WDS goes through Ethernet, 100mbit is more than enough for gaming - Unless if you are transferring a large file from 1 computer to another you will not notice any decrease in speed or gaming latency.

Woot, 200th Post! Do I get a prize?






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Ultimate Geek
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  Reply # 338040 3-Jun-2010 20:35
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The link you sent from wikipedia and other google searches seem pretty clear that WDS is a method or wirelessly interconnecting 2 routers, it makes no mention of doing it wired aswell.

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  Reply # 338118 3-Jun-2010 23:16
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This should do it

- Puts everything on the same network range
- Removes problematic double nat
- Uses the modem to give out ip addresses via dhcp and do the routing/nat
- If you use the same ssid but different channels they shouldn't interfere and you shouldn't need to change anything on your portable devices (I think)



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  Reply # 338123 3-Jun-2010 23:24
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hazza87: The link you sent from wikipedia and other google searches seem pretty clear that WDS is a method or wirelessly interconnecting 2 routers, it makes no mention of doing it wired aswell.


I used it at my old flat with 3 wireless routers, it worked fast and well, but def worked over ethernet (think if you are out of range of 1 router how would you transfer stuff "wirelessly" to the 2nd router?)






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Ultimate Geek
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  Reply # 340170 10-Jun-2010 13:06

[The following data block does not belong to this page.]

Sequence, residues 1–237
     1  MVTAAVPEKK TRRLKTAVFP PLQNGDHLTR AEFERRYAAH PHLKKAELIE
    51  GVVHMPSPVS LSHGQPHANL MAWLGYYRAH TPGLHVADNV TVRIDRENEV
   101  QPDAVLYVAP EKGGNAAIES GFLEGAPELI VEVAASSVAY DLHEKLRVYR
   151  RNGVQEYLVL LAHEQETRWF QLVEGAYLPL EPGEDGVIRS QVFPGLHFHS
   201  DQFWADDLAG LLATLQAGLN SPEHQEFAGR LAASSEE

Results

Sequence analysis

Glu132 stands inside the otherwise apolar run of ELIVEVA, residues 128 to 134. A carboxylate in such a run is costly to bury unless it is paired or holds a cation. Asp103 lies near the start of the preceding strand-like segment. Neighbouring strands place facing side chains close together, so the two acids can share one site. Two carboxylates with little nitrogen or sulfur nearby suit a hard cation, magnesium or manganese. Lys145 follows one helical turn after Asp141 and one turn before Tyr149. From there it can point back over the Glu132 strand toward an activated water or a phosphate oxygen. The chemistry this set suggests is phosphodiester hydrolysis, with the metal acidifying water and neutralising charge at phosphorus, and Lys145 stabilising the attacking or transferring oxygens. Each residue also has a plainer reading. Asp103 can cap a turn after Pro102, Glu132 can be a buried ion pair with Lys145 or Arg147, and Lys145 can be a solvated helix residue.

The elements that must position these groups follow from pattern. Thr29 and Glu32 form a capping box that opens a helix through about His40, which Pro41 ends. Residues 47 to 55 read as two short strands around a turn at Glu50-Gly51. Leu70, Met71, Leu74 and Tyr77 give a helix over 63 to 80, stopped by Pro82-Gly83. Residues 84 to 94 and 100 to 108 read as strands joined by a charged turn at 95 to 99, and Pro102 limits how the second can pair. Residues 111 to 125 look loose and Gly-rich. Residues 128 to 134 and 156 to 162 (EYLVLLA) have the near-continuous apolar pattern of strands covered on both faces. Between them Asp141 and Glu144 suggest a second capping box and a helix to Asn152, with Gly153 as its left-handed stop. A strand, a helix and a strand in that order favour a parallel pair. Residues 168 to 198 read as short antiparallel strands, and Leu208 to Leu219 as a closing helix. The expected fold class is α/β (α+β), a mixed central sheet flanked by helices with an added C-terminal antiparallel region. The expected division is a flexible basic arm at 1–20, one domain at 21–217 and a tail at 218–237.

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Ok i have set it up as follows:
Network Diagram


As everything is connected to one of the 2 wireless routers i have left the modem out of the subnet and left it with dhcp enabled to provide the ip address for the old router. This setup is working exactly as i had wanted with all wired and wireless computers able to communicate properly and also get internet access. Pretty happy with the new Wireless router (TP Link TL-WR1043ND) for $120 with wireless N and gigabit switching.

Amazing how the number of internet enabled devices grows probably would have only been about 3 things on this network 2-3 years ago.

Thanks to Ragnor for the great diagram.

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  Reply # 340210 10-Jun-2010 14:20
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Just a word of warning, if port forwarding is ever required you're going to run into problems. Assuming you're going from the D-Link Modem > WAN Port of the D-Link Router, this is going to result in double NAT.

If you want to avoid this, you can make the D-Link modem Half-Bridge and make it act as a modem only, or use Ragnors diagram and connect into the LAN ports rather than the WAN ports.

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  Reply # 340224 10-Jun-2010 14:42
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Yeah in the current setup you have the modem doing NAT (net address translation) and the 1st router also doing NAT again.

This will work fine for basic web browsing!

However often it causes problems with things like gaming (especially hosting a match), bit torrent and messenger/skype etc

There are two good options:

1:  As Exdee mentions, set the modem to use half bridging (aka ip extension) and the dlink router to obtain the WAN ip address automatically from the modem.

2: Setup all devices on the same network range and use the modem for DHCP and NAT as per my diagram above/earlier.




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Ultimate Geek
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  Reply # 341596 14-Jun-2010 17:04
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Ok i am now getting around to fixing this problem, How do you put the Dlink modem/router into half bridge mode? it is model DSL-504T.

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  Reply # 341643 14-Jun-2010 18:19
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Turn off uPNP on the other routers too, or things will try to map ports on them and fail to actually get any data.